One of the panels during the 2023 Final Fantasy XIV Fan Festival had Naoki Yoshida (Producer & Director) and Natsuko Ishikawa (Senior Story Designer) discussing various lines and characters from the Endwalker expansion alongside English localization lead Kate Cwynar. The whole thing is a great watch, though naturally filled with spoilers for Endwalker if you haven’t finished playing that yet.
But this part in particular is an amazing little glimpse into the writing/localization process behind Final Fantasy XIV, and also includes a discussion of how important context is when translating.
To that point, when I first saw the highlighted line in isolation, it seemed to me that the English was saying something different from the Japanese.
|All of us lost in a sea of chaos, searching desperately for purpose and meaning…but it shouldn’t just be an extension of another’s. It has to be ours. It has to be.
The English talks about the idea of finding one’s own meaning in life, whereas the Japanese just seems to be saying that she treasured the experience of clashing and debating with others.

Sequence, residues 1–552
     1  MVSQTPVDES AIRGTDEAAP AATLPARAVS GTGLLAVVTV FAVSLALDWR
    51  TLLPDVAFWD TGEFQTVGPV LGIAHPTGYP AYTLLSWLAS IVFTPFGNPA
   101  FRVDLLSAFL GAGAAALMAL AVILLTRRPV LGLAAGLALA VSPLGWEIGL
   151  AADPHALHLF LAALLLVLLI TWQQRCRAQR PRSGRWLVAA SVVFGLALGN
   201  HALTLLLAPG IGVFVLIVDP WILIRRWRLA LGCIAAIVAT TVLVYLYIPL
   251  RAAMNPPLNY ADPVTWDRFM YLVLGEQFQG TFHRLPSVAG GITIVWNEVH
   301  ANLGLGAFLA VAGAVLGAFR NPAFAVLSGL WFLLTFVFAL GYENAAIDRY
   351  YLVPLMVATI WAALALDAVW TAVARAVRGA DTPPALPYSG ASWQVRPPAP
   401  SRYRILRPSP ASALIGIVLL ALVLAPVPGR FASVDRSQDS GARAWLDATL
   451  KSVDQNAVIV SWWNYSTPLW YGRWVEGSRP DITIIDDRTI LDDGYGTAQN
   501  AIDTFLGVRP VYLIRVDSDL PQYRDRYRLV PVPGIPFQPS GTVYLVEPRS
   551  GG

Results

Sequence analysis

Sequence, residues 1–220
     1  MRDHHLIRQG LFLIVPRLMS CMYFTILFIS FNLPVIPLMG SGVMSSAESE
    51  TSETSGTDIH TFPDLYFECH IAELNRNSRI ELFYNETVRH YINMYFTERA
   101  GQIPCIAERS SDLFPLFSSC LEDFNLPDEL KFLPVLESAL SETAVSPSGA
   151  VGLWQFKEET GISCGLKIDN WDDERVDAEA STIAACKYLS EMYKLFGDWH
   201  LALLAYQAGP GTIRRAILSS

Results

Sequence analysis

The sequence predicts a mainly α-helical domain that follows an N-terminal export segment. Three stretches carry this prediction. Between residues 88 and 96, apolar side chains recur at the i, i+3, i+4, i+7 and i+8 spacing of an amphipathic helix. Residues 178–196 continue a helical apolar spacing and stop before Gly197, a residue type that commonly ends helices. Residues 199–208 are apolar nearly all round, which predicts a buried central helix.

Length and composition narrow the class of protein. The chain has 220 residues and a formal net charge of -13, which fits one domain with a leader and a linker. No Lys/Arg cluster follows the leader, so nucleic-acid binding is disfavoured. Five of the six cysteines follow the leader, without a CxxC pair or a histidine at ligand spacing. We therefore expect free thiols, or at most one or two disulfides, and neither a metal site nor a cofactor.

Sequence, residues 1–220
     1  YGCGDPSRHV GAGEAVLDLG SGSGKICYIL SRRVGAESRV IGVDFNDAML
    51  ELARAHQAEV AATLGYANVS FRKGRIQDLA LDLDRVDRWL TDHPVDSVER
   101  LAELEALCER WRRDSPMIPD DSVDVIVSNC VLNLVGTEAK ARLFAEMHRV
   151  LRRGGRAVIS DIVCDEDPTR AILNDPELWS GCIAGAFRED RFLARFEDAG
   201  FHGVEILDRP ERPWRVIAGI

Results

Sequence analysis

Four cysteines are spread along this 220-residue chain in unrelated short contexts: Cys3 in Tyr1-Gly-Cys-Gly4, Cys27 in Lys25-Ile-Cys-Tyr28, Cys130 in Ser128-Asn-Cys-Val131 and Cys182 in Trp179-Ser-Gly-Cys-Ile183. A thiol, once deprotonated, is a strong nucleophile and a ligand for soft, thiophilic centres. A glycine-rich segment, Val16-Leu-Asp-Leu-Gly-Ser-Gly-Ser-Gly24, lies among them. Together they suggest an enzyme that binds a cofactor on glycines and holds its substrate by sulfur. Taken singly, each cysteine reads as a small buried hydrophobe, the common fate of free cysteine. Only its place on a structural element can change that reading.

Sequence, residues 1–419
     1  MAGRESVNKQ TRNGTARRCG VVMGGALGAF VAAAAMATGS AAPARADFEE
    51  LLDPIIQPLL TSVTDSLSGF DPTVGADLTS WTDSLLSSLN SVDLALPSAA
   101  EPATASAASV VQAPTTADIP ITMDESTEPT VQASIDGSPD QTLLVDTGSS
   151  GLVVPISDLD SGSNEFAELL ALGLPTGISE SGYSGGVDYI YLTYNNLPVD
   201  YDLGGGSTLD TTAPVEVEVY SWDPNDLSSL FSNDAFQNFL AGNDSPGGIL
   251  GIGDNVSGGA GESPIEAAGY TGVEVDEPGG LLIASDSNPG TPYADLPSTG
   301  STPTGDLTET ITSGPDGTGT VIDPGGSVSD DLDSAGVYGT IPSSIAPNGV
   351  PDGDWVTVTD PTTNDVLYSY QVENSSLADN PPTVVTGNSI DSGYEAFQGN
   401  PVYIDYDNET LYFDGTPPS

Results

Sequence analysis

Except that it’s then revealed that this line was meant to be a callback to another character’s line from closer to the beginning of the game.
|Your hopes and dreams must no longer be an extension of mine. You must needs find your own reason to fight for this realm—your own meaning in this sea of chaos.
And it’s in this context that the English translation of the first line makes so much more sense. On its own かけがえのないもの is basically saying “I found meaning in this experience” but in the context of this callback she’s saying that not only did she find meaning, but she found a meaning that was hers and hers alone, just as her grandfather told her to do. The English rightly hones in on that part then, and even goes so far as to retain the phrases “sea of chaos” and “extension of mine/another’s” to signal the callback for English players.
And if that wasn’t enough, the English translation later slips the straightforward translation of かけがえのないもの (“irreplaceable thing”) into another line, just so that it’s retained somewhere.
Good! Because there are things we care about, and people we love…and none of them is replaceable. Not a one.
All packaged in superb writing that really shows just how high quality Final Fantasy XIV’s English translation is.
Anyway, all this is to say that context is in fact majorly important when translating or analyzing translations, if that wasn’t already obvious. And that doesn’t just include the context of a single conversation or situation, but the context of the work as a whole.
It’s great, then, that Natsuko Ishikawa and the other writers of FFXIV seem to leave such detailed memos for their localization teams, because that’s what really makes the difference between a legible translation and a fantastic one.